Use online courses

Another great way is to use some kind of online course. I have used Udacity and Udemy courses. Free and paid, for udemy you can easily find coupon codes on google that will make courses really cheap. Courses like that are great because they are structured, that is, you learn new stuff step by step, and what is important, in the correct order. You don’t have to scour the internet or documentation like a headless chicken not knowing what part to learn first. It will also save you some headaches when you will encounter a problem that is a result of your lack of knowledge of the basics — I’ve been there, was not fun ;)

Online tutorials are also good, but most of the time they focus on one simple topic, like “How to make a button”. They are helpful, but they often lack a structure of courses. Also, on YouTube there are so many tutorials, that is may be hard to find a good one, so you just may waste your time.

Conferences

Conferences and meetups are great. I just started attending and I’m bad at myself that I didn’t to it sooner! During conferences, there are many different presentations, you can learn so much interesting things. If the presentation is good, there is a chance that you will hear and see all the most important things about a technology, or at least the basics with the direction where to go next. You can also ask questions or talk to other people about your problems. Also, if you are unsure about some kind of technology, you can go to the presentation about it and verify if it really interests you. That way, you would be able to remove something from your to-do list, and that is a good too!

Of course, you can’t always attend. Conferences are all over the world, tickets are not always free or your employer won’t let you go. But there is also a backup plan for this! Nowadays, most conferences are recorded and later available on YouTube. You can watch them anytime you want in your free time or even when you work or do some other stuff. But watching at work or while doing something else is a bit harder, you should wisely choose a topic. It should be a topic that doesn’t require your focused attention, without code examples etc. Treat it as a podcast, with sound only, remember you have work to be done while listening!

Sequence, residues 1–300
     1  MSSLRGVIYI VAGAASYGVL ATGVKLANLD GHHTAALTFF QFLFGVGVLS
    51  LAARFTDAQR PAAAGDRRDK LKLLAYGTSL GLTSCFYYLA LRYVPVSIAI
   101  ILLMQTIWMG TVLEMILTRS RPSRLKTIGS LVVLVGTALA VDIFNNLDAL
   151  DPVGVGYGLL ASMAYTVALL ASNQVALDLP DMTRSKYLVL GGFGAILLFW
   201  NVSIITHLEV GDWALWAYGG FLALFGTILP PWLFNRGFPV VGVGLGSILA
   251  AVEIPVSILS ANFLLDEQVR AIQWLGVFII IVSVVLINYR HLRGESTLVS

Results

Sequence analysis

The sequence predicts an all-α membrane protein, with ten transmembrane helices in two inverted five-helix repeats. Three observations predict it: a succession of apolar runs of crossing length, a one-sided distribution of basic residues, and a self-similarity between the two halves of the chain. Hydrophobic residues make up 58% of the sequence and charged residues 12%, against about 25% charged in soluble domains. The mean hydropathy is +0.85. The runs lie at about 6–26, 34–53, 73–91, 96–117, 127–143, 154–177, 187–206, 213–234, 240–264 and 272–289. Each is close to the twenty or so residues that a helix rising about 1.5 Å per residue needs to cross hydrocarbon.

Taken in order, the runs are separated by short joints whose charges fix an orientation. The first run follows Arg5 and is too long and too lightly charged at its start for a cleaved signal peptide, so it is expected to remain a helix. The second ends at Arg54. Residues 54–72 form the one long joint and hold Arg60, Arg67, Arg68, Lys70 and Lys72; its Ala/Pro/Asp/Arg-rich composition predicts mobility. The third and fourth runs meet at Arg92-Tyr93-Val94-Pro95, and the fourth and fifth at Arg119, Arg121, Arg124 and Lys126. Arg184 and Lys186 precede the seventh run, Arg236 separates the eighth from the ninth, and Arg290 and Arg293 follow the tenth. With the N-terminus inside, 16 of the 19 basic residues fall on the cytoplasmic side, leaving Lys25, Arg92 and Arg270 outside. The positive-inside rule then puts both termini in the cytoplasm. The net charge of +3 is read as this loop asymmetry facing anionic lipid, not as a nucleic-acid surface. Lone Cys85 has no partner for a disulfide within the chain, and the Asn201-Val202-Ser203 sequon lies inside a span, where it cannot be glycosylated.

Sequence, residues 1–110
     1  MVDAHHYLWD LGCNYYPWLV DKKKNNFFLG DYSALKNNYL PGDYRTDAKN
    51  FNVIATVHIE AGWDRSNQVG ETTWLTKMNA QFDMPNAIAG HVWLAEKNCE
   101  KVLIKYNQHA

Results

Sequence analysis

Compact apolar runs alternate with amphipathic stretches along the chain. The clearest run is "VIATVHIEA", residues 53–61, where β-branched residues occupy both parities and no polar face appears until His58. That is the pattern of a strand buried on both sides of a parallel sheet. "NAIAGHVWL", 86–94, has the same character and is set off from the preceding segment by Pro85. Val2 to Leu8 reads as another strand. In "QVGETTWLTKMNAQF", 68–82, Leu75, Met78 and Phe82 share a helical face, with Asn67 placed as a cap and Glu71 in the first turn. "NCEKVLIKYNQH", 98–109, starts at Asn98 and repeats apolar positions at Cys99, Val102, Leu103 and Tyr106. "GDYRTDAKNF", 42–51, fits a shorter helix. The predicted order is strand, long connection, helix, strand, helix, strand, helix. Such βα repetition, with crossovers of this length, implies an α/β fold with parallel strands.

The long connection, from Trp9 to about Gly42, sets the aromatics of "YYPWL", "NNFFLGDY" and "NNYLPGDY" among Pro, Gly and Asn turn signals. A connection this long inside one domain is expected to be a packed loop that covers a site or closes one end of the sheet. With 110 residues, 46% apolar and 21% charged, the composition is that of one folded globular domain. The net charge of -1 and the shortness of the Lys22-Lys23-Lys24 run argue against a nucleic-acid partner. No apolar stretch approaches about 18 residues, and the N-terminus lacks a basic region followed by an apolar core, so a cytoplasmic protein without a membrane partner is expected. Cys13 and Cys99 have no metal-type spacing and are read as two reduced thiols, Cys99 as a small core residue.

Read books

Yes, books. Why at the end? Well, I’m not a big fan of books, especially books about specific library or framework. Books get outdated really fast. That is I prefer books about general software craftsmanship. Thing like good practices, architectural patterns etc. These things do not get outdated, at least not fast. The biggest problem with books is that it takes a time to read them, and you can’t do anything else while reading (except commute in public transport). I would prefer audiobooks, but unfortunately, audio book format is not suited for technical topics. Anyway, read books, but choose the topic wisely. And remember, while reading, try to use the stuff that you just read about. It may be good to combine book topic with the project that you are working on. That way, you use your new found knowledge actively, so it becomes much more memorable.

Summary

To sum it up, keep learning, but do it wisely and effectively, and learn to let go of few interests, as this will save you from insanity ;)

  1. Prioritize your learning goals and focus
  2. Come up with some kind of project and implement it
  3. Use online courses like Udacity or Udemy
  4. Go to conferences or watch recording from conferences on YouTube
  5. Read books

Originally published at DEVelopments.